October 18, 2023 3 min read


France Passes Sorare Law, Awaits Approval from the Constitutional Council

The future of the Web3 regulatory framework will be decided by the Constitutional Council

French blockchain enthusiasts have a reason to rejoice as the Sorare law was passed with overwhelming support. Under the new law, which would provide the foundation for a regulatory framework for games using NFT and crypto features, such titles will not be classified as gambling.

Backed by 437 voters and opposed by 77, the so-called Jonum (games with monetizable digital objects) regime is set to seek a balance between innovation and player protection.

The Sorare law still needs approval from the Constitutional Council but is an important step toward the legitimization of NFT and crypto games. The council will now review the voted measure and decide its future. The council has the power to reject the Sorare law, which would be a suboptimal outcome for the future of blockchain technology in France.

If the law is passed, however, the Jonum regime could be the development that companies tapping into blockchain technology desire. In any case, the regime would likely still need tweaks and amendments, considering the novelty of the crypto gaming vertical.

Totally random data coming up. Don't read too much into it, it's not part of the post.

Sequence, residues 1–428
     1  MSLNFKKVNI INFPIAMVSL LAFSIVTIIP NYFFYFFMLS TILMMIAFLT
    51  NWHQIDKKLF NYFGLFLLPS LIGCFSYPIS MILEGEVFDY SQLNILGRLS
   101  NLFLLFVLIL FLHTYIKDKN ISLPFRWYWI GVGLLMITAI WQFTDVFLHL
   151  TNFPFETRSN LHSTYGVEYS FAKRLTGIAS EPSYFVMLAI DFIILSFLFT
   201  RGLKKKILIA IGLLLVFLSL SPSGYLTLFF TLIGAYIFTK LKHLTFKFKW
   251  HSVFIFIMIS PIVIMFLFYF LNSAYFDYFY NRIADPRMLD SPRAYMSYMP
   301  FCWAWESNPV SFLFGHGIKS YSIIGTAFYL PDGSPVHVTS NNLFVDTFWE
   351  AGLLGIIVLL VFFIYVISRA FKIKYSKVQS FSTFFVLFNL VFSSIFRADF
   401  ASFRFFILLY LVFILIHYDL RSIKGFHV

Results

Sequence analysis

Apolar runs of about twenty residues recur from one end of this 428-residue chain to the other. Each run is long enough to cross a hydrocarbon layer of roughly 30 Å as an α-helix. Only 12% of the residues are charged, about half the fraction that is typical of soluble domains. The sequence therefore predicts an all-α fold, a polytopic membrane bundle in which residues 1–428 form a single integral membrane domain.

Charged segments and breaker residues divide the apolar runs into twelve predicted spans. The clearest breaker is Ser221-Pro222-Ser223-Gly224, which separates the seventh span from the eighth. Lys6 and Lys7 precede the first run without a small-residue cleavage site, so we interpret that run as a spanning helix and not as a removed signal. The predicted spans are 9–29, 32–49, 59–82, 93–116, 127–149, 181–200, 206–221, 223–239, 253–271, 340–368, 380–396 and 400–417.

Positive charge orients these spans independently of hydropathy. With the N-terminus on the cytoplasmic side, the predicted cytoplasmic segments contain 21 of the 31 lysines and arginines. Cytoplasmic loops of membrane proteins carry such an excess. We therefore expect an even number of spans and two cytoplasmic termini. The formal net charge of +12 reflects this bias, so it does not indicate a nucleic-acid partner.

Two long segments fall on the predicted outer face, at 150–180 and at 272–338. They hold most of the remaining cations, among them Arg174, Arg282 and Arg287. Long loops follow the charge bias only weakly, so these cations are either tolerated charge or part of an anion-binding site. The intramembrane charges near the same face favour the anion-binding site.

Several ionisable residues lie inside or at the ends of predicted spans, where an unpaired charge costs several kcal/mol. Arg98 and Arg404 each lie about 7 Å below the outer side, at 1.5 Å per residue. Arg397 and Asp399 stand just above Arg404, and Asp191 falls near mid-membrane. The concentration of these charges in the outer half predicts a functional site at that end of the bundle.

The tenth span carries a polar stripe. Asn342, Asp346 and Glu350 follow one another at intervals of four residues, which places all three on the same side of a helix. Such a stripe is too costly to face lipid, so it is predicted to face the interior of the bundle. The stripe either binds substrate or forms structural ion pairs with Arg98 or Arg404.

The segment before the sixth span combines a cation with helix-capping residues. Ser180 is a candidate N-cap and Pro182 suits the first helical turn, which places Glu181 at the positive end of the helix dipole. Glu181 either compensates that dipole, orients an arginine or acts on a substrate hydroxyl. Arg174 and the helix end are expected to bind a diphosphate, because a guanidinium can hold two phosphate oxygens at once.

France Seeks to Regulate Crypto Games

Because of their inherent similarities, crypto games risked being classified as gambling, which is subject to higher taxes.

While crypto games will not be considered gambling, their compliance will still be overseen by France’s watchdog, the Autorité Nationale des Jeux (ANJ). Like in gambling, the ANJ will require crypto gamers to provide their age and prove their identity when withdrawing funds. However, they will not need to verify their identity when registering an account. Web3 games will also be subjected to a number of other regulations they would be required to follow.

Experts have suggested that the Sorare law would give preferential treatment to crypto games, which is why existing operators might be inclined to explore the opportunities the blockchain sector offers. Pari Mutuel Urbain, for example, already offers a crypto-based fantasy racing game called Stables and is likely to further dabble in Web3 technology.

While some companies are sure to adapt, casino groups have slammed the new law, accusing the government of not inviting them to participate in the discussion. Under French law, only casino companies with a physical presence can offer online gambling. Many of these companies believe that the regulation of Jonum is a bad move that would usher in an age of illegal gambling.

Some even fear that some online casinos may use NFT payouts to circumvent France’s gambling rules.


Although Fiona doesn't have a long-spanning background within the gambling industry, she is an incredibly skilled journalist who has built a strong interest in the constantly growing iGaming network. The team at GamblingNews.com is glad to have her on our roster to help deliver the best stories as soon as they hit. Aside from writing, she loves to dabble in online casino games such as slots and roulette, both for her own enjoyment and also as research to better improve her understanding of the industry.

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